Frank Sinatra is one of the best-selling music artists of all time, having sold more than 150 million records worldwide. Sinatra found success as a solo artist after he signed with Columbia Records in 1943, becoming the idol of the "bobby soxers". He released his debut album, The Voice of Frank Sinatra, in 1946. Sinatra's professional career had stalled by the early 1950s, and he turned to Las Vegas, where he became one of its best known performers as part of the Rat Pack. His career was reborn in 1953 with the success of From Here to Eternity, with his performance subsequently winning an Academy Award and Golden Globe Award for Best Supporting Actor. Sinatra forged a highly successful career as a film actor. After winning an Academy Award for From Here to Eternity, he starred in The Man with the Golden Arm, and received critical acclaim for his performance in The Manchurian Candidate. He appeared in various musicals such as On the Town, Guys and Dolls, High Society, and Pal Joey, winning another Golden Globe for the latter. Toward the end of his career, he became associated with playing detectives, including the title character in Tony Rome. Sinatra would later receive the Golden Globe Cecil B. DeMille Award in 1971. On television, The Frank Sinatra Show began on ABC in 1950, and he continued to make appearances on television throughout the 1950s and 1960s. Sinatra was also heavily involved with politics from the mid-1940s, and actively campaigned for presidents such as Harry S. Truman, John F. Kennedy and Ronald Reagan.
Joe Piscopo, the actor, comedian and radio host, famous for his SNL portrayal of Frank Sinatra, introduces New Jersey Republican Lt. Gov. Kim Guadagno at her primary election night event, Tuesday, June 6, 2017, in Long Branch, N.J. (AP Photo/Mel Evans)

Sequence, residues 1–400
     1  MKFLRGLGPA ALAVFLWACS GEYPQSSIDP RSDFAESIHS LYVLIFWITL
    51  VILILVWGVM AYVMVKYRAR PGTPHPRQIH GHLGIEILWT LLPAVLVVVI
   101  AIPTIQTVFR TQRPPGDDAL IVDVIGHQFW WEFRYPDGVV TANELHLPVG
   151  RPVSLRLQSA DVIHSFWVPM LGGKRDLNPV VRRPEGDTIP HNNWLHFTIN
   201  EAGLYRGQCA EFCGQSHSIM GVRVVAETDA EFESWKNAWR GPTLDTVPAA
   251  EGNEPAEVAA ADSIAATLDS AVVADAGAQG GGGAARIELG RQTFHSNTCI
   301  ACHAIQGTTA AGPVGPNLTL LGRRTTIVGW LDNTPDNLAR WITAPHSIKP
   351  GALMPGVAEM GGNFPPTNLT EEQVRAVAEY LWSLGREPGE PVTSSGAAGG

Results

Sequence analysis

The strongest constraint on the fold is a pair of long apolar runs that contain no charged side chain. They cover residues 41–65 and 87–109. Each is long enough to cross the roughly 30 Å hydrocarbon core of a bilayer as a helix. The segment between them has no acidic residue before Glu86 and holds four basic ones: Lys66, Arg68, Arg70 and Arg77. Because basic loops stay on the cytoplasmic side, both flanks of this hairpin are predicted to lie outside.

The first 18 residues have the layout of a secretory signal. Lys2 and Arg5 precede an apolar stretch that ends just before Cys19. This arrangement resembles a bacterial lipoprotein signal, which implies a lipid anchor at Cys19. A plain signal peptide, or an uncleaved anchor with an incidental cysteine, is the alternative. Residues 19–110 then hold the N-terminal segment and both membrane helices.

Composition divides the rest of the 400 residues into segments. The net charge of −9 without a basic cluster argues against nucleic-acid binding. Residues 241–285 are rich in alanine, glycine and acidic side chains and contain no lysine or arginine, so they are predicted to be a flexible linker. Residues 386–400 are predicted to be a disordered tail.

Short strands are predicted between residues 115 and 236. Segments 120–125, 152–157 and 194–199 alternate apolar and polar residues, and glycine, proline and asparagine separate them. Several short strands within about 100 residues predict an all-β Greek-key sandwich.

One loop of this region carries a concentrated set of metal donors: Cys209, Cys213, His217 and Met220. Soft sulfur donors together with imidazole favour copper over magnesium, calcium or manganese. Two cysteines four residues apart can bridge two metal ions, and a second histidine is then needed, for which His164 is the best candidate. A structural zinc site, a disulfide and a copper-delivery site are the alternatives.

FRANK SINATRA - 23-year-old Frank Sinatra (1938) was arrested in Bergen County, N.J. on charges of seduction and adultery. According to the FBI reports, "On the second and ninth days of November 1938 at the Borough of Lodi" and "under the promise of marriage" Sinatra "did then and there have sexual intercourse with the said complainant, who was then and there a single female of good repute." This, the charge stated, was "contrary and in violation of the revised statute of 1937." The charges were later dismissed when it was determined that the woman involved was married.
FILE - In this May 18, 1977 file photo, performer Frank Sinatra appears on the stage of the Westchester Premier Theater in Tarrytown, N.Y., during the opening night of his act with Dean Martin. Sinatra's first New Jersey driver's license has sold for $15,757 at auction. The yellowed, text-only 1934 license was issued, typo and all, to Francis Sintra, 841 Garden Street, Hoboken, New Jersey. The license was signed by the then-19-year-old a year before Sinatra got his first big break in the music industry. (AP Photo/Ray Stubblebine, file)
This undated handout image provided by the National Archives and the George H.W. Bush Presidential Library shows a letter from Frank Sinatra to President George H.W. Bush, June 29, 1989 When the Supreme Court ruled 5-4 in Texas v. Johnson that burning the American flag was protected free speech, President Bush was so outraged that he proposed a constitutional amendment banning the burning or desecration of the American flag. Francis “Frank” Albert Sinatra wrote to the President “I applaud you long and loud for your reaction.” George H. W. Bush Presidential Library, National Archives Curators at the National Archives have culled their collection in search of some of the great signatures of history. A special exhibit opening Friday includes the personal marks of figures that include Thomas Jefferson, Frank Sinatra, Jackie Robinson, Adolf Hitler and Saddam Hussein, along with important documents from history. Curators looked at the power of the pen in politics, war, entertainment and sports for the wide-ranging exhibit, "Making their Mark." (AP Photo/National Archives, George H.W. Bush Presidential Library)
FILE - In this Nov. 13, 1944, file photo Bing Crosby, left, and Frank Sinatra, right, appear together in New York City, as they discuss upcoming appearances on each others' radio shows. The nation's first comprehensive study of the preservation of sound recordings in the United States shows new digital audio recordings are at greater risk of being lost than older recordings. The study also found major parts of the nation's heritage in recorded sound already have been lost or can't be accessed by the public.(AP Photo)